The recipes: Small touches can make party fare special
This kid-friendly punch is basically equal parts sparkling white grape juice and pineapple juice but more of one or the other doesn't matter, says Ann Hockman of Superior. "It's just delicious," she says, adding you can also use real champagne fo...
This kid-friendly punch is basically equal parts sparkling white grape juice and pineapple juice but more of one or the other doesn't matter, says Ann Hockman of Superior. "It's just delicious," she says, adding you can also use real champagne for grown-ups.
Faux Champagne Punch
2 46-ounce cans of pineapple juice, chilled, plus extra if used in ice mold
2 750-millimeter bottles of nonalcoholic sparkling white grape juice, chilled.
2 to 3 cups regular or diet lemon-lime soda, chilled, plus extra if used in ice mold (optional)
Fruit for ice mold:
Approximately 10 thin, seeded slices of orange, lemon, lime or any combination
A day or two before serving, partially fill a ring mold, Bundt pan or a whipped topping container with 2 to 3 cups of pineapple juice or lemon-lime soda, making sure the mold fits your punch bowl. Don't fill the mold to the top, because it will take up too much space in the bowl. Add slices of fruit. Cover and freeze until solid. The juice will freeze solid while the soda will freeze in crystals.
Just before serving, unmold the ice ring by running warm water over the bottom, place it in a punch bowl and slowly add 1 full can of pineapple juice (shaken) and 1 bottle of sparkling white grape juice, shaken. Add equal parts of additional juice and sparkling grape juice to fill container. Add 1 cup of lemon-lime soda if desired. Stir gently to mix.
As the punch is served, refill the bowl with equal parts of juice and sparkling grape juice, adding lemon-lime soda if desired. The proportions don't have to be exact.
Yield: 20 8-ounce servings.
To serve small sandwiches to children, Hockman cuts them into fun shapes, using large cookie cutters and soft white bread. To make the task easier, use simple shapes, like hearts, and expect to create plenty of bread scraps, she says.
Shaped Finger Sandwiches
Assorted large metal cookie cutters in simple shapes
2 loaves of white or whole-wheat, bakery-style bread
1/2 stick softened butter
3/4 pound thinly sliced deli ham or turkey or a combination of both
17 assorted cheese slices (optional)
Instead of meat and cheese, may use: 1 cup creamy peanut butter and 1 cup jelly or jam
Place a slice of bread on a cutting board and cut out one or two shapes with cutter, depending on how many one can get from a bread slice. Repeat to ensure two matching cuts per sandwich.
For meat/cheese sandwiches: Spread butter lightly each slice of bread, making sure the sides that will fit together are covered. Cut out deli meat and cheese with the same cutters used on bread and place between slices.
For peanut butter and jelly sandwiches: Spread one bread cut-out with peanut butter and a matching one with jam or jelly and stick together. (A small circle can be cut out in the center of the cut-out so the jam shows). Repeat to create more sandwiches.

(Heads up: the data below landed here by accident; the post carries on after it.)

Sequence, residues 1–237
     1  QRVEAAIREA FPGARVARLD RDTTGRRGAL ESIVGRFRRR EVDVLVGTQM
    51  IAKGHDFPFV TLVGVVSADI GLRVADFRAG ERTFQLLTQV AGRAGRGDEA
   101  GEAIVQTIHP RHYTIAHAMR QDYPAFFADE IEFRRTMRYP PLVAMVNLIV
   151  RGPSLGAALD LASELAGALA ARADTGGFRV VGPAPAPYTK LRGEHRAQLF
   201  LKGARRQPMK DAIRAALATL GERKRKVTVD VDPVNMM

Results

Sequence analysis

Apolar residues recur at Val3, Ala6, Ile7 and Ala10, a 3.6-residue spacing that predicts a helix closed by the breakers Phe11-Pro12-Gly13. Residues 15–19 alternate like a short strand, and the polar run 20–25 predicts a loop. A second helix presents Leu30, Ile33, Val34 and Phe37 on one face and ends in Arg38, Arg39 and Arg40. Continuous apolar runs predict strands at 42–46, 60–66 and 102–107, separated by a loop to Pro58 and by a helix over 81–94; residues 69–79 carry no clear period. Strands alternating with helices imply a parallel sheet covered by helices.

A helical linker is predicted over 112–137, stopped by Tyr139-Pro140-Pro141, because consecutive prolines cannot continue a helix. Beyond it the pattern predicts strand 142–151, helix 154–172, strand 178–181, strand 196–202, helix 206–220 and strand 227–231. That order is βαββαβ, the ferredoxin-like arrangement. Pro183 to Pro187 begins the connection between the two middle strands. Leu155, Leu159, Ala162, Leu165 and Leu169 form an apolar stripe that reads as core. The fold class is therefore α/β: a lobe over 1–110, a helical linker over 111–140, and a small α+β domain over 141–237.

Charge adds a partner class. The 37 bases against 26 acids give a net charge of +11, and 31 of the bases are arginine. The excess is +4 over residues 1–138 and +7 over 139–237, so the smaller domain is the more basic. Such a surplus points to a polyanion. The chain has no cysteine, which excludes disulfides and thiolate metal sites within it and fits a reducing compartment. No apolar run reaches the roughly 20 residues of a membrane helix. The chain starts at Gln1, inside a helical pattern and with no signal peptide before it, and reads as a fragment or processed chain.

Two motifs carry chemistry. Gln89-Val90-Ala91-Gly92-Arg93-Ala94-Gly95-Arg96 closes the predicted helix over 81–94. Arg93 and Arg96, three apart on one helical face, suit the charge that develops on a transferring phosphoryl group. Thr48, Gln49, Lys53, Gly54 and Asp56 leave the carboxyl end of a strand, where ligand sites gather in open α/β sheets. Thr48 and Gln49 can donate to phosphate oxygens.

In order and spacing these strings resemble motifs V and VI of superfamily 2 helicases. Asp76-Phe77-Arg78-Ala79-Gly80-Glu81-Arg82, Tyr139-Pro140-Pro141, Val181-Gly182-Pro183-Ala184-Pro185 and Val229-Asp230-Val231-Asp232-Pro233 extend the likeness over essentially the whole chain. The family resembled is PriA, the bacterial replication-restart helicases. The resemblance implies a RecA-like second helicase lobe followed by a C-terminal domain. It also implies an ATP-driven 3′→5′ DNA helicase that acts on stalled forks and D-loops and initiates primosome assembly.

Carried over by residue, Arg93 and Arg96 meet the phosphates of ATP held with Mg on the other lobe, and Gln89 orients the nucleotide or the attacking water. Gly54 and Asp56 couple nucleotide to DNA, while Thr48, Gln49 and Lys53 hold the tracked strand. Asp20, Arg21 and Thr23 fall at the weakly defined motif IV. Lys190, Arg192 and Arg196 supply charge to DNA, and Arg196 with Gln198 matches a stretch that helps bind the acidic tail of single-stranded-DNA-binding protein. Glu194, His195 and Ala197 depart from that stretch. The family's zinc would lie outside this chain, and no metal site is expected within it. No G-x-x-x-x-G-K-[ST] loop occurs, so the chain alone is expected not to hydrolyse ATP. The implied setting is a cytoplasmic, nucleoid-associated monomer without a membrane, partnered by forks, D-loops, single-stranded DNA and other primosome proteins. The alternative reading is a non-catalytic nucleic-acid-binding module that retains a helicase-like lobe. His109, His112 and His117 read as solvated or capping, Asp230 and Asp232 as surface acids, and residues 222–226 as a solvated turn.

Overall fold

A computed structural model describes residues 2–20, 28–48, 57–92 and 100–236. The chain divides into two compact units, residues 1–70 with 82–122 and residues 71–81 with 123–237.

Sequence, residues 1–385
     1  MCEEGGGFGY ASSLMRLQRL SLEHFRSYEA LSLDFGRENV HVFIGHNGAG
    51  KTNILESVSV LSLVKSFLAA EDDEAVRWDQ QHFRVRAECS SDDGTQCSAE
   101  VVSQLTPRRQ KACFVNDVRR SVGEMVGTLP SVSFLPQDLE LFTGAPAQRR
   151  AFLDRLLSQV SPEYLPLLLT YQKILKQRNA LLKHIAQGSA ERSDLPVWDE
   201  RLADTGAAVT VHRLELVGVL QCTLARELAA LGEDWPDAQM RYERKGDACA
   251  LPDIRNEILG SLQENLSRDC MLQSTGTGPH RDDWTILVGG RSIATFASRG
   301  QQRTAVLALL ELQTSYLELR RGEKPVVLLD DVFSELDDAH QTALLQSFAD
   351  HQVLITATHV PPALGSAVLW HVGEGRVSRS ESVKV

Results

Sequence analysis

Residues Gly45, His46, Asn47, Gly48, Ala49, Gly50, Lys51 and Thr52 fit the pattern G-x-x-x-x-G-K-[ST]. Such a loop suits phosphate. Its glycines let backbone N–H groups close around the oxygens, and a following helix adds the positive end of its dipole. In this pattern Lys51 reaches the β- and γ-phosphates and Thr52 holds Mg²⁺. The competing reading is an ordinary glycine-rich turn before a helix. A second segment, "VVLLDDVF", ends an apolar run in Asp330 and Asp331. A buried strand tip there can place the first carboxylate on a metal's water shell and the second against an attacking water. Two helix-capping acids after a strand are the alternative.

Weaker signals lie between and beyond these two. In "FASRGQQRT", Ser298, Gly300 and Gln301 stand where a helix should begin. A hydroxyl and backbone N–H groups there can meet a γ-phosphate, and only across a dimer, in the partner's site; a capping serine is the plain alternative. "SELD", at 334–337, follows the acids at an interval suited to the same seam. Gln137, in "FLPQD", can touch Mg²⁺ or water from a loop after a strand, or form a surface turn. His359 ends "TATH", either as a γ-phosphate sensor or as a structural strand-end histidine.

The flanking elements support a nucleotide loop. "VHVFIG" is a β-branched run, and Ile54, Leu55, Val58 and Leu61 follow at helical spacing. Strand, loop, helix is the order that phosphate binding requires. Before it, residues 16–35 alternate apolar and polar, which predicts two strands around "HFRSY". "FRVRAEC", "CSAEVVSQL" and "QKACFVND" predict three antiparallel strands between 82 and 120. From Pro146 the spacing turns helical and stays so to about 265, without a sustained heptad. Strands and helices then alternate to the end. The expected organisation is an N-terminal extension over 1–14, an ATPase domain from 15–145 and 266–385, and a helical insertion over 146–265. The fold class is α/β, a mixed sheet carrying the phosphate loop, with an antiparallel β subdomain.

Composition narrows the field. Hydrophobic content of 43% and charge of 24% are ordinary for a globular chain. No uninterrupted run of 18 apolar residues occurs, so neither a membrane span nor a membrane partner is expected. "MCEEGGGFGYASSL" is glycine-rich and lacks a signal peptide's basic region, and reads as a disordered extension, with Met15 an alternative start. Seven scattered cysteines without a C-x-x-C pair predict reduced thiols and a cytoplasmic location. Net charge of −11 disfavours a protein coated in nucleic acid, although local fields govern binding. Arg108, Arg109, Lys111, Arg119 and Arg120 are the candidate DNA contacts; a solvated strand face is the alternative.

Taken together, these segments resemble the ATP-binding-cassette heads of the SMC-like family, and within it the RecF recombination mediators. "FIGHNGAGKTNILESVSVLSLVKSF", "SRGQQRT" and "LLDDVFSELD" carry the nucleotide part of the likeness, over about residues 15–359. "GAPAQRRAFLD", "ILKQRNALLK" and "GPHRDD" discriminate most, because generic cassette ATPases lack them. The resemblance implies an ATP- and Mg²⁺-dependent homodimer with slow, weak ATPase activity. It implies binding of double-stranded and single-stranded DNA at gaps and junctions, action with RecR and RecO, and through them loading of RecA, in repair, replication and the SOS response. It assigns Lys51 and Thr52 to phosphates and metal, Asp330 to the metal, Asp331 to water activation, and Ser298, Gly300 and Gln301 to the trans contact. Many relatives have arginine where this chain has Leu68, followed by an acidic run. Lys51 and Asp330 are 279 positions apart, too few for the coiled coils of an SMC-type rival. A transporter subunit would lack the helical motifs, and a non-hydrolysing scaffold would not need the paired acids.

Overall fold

Stack sandwiches in single layers with waxed paper in between and store in a tightly covered container in the refrigerator. Store meat/cheese sandwiches separately from peanut butter and jelly sandwiches so the flavors don't mix.
The sandwiches will keep overnight but are best when served the day they are made.
Yield: Approximately 17 small sandwiches. Allow3 per person.
For this snack mix, Hockman suggests using M&Ms in seasonal colors when available, and, for the holidays, using pretzels in holiday shapes like bells and trees. She used pink M&Ms for the "Fancy Nancy" party. When she makes the party mix, she usually doubles the recipe because the sweet snack goes fast. Fill clear plastic bags with the party mix and give as gifts or place on tables for a festive look. Hockman got this recipe from her longtime friend, Kathy Dahlin of Superior.
Kathy Dahlin's Caramel Party Mix
6 cups Crispix cereal
1 cup salted cashews, dry roasted peanuts or other nuts
1 cup small twist pretzels or butter-flavored squares
1 cup brown sugar
1 stick butter
3 tablespoons white corn syrup (she uses Karo)
1 cup M&M candies
Spray shallow roasting pan or bottom of broiler pan with vegetable cooking spray and mix dry ingredients in it. In a heavy medium saucepan, melt butter. Add brown sugar and corn syrup. Bring to a boil; boil 3 minutes and pour over cereal mixture, stirring gently to coat (Hockman uses a silicone spatula).
Bake 10 minutes at 250 degrees. Stir and bake for10 more minutes.
Spoon onto waxed paper. Let cool a few minutes and sprinkle M&M candies on top. Cool completely; break into pieces and store in airtight container. The mix is best when fresh but will keep for up to a week.
Yield: 16 half-cup servings.
Hockman got this icing recipe from Sweet Celebrations, a Twin Cities confectionary store. The icing creates a firm topping that looks like a professional baker did it. To add a glittery look, Hockman tops her iced cookies with a pearly sparkle dust she gets at Sweet Celebrations.
Shiny Cookie Icing
2 cups fondant and icing sugar (Hockman uses 2 cups confectioners' powdered sugar instead)
4 teaspoons milk
4 teaspoons light corn syrup
1/8 teaspoon vanilla (optional, Hockman adds this)
A drop of food coloring of your choice
Place ingredients in a bowl and stir until mixed thoroughly. Using a frosting piping bag, outline the outer edge of the cookie with frosting. Then thin the frosting by adding a little more corn syrup (Hockman instead uses milk, starting with 1/2 teaspoon). Coat the rest of the cookie top with icing. Top with candy sprinkles or other decorations, if desired. Dries firm but not stiff in about 30 minutes and retains a shiny appearance.
Yield: 2 cups.